The opinions expressed in this commentary are solely those of Paul R. La Monica. Other than Time Warner, the parent of CNNMoney, Abbott Laboratories and AbbVie, La Monica does not own positions in any individual stocks.
Maybe it's time to change that Wall Street phrase about stocks in the summertime to "Sell on the 23rd of May and go away?"
U.S. stocks fell at the open before recovering. Still, the U.S. market was relatively flat one day after the market did a Fed flip-flop and finished lower. The Dow is now down about 2% from the intra-day high it hit earlier Wednesday.
It's about time. This pullback is healthy and necessary. It arguably needs to be bigger. And it could wind up being the proverbial pause that refreshes.
The volatility of the past two days is not likely to be the start of a new bear market. It may not even turn out to be a 10% dip from the recent highs, what's known as a correction.
Instead, it looks like the beginning of a period for stocks to move sideways as investors try and figure out if the global economy, and by extension corporate profits, is really about to slow down dramatically or just cool off slightly.
The Nikkei is still up 39% this year after accounting for today's drubbing. The Dow, S&P 500 and Nasdaq are all up about 15% so far in 2013.
Stocks are even surging in Europe, where the winds of recession (and not change for you Scorpions fans) are still blowing. France's CAC is up 8%. Germany's DAX has gained 9%. And those indexes are losers compared to what's going on in one of the eurozone's most troubled members. The Athens Stock Exchange is up 14% this year.
Returns of this magnitude are fantastic for a period of 12 months, let alone five. It's only natural for investors to take a breather. Heck, it would be downright bubbilicous if stocks continued to keep going up no matter how weak the economic data was.
But here's the thing. The fact that the global economy is still far from tip-top shape is actually, in a twisted bad news is good sort of way, a positive thing for stocks.
The Bank of Japan, the European Central Bank and that little outfit called the Federal Reserve will continue to do everything they can (oh, excuse me Signor Draghi, I meant "whatever it takes") to keep their economies from plunging into another 2008-like abyss.
Abenomics is alive and well. The ECB could cut interest rates again.
And the Fed? Don't throw away your QE4EVA t-shirts just yet. The only thing getting tapered these days on Wall Street are the Armani suit pants of CEOs and investment bankers.
"The market is in need of a pullback but it should be relatively short and shallow," said Paul Nolte, managing director of Dearborn Partners, an investment firm in Chicago. "Global economic growth remains modest and stocks have continued to go higher because central banks around the world are being so accommodative."
Nolte said that market worries about some Fed members being willing to cut back on asset purchases as soon as June should not be a surprise. It seems that Fed chair Ben Bernanke encourages a healthy debate, unlike his predecessor Alan Greenspan, who seemed to prefer the unanimity approach to policy-making.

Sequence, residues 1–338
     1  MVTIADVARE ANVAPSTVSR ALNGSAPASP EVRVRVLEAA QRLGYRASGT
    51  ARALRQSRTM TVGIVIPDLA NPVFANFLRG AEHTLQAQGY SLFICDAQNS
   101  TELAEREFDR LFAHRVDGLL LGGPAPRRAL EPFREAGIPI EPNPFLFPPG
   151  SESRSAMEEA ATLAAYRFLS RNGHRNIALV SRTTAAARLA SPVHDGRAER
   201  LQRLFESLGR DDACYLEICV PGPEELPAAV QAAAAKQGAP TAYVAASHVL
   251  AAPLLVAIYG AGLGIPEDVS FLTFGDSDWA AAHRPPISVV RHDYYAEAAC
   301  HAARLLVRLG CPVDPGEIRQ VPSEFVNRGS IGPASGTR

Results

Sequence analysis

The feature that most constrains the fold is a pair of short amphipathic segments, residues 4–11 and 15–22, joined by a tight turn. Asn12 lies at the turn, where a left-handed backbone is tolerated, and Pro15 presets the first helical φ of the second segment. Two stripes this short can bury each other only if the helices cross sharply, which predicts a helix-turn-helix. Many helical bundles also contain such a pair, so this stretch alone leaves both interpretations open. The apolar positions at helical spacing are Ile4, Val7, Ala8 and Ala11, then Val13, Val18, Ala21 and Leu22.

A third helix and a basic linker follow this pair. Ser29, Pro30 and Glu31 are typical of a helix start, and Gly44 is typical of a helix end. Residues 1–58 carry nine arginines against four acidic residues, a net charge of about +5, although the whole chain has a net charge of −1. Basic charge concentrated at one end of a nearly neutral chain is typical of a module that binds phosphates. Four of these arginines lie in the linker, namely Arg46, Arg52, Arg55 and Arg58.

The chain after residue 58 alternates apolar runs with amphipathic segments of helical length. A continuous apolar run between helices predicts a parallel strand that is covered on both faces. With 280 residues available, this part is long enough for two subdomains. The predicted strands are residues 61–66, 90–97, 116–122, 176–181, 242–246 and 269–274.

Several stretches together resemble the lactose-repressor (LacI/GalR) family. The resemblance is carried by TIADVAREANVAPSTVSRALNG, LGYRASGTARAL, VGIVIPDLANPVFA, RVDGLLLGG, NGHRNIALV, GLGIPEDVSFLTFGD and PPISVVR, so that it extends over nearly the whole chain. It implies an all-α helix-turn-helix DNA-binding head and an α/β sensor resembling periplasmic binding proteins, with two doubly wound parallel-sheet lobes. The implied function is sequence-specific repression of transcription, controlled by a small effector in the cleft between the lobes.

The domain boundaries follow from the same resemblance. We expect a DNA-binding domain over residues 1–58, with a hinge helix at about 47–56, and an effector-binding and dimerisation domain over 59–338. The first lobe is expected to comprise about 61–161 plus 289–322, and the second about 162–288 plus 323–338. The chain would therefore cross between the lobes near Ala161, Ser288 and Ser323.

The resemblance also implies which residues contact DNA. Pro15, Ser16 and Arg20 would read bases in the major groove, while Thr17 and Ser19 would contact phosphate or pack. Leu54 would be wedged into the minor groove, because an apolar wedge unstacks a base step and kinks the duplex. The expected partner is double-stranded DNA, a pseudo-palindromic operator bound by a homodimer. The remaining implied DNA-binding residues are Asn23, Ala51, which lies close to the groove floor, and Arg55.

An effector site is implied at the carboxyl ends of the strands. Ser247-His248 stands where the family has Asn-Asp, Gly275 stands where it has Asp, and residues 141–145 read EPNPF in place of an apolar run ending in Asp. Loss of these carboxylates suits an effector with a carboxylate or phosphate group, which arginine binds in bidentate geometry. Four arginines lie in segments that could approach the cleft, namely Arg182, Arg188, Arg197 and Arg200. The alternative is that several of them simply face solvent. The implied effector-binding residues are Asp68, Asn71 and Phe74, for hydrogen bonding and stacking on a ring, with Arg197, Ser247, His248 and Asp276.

"There's been dissension in the Fed? Yeah. But that's been the case for three years. Divergence of opinions is healthy," Nolte said. "The Fed isn't going to go from easing to tightening in a quarter. Any unwinding is going to be gradual."
Exactly. What's more, there are no signs of disagreement among the Fed's most influential members: the triad of Bernanke, vice chair and possible Bernanke successor Janet Yellen and New York Fed president William Dudley. (They're sorta like the central banking equivalent of the Miami Heat's Big Three of LeBron James, Dwayne Wade and Chris Bosh.) The only time to worry about the end of QE is if you hear one of these three talk about it.
What's more, the U.S. economy actually does appear to be in relatively decent shape. It's not fantastic by any means. But the job market is still slowly improving. And housing is picking up dramatically.
Brian Levitt, senior economist with OppenheimerFunds, thinks that will help keep stocks moving higher ... even if the next few months are a bit bumpy.
"There is no reason to be worried about the volatility. There is little to suggest that the U.S. is heading back into a recession," Levitt said.
Still, China is the big wild card for investors. If its economy does slow further, that could hit developed markets around the world very hard. Europe is China's largest trading partner. Anyone who knows how to look at a map (and read today's headlines) should be able to figure out that China's health is crucial for Japan.
And like it or not, a strong Chinese economy is needed if many U.S. multinationals want to keep reporting decent profits.
"China should be a big concern. The decline in manufacturing is a huge issue," said Aaron Izenstark, co-founder and chief investment officer of IRON Asset Management. "A Chinese slowdown could be like a waterfall that brings other economies down with it."
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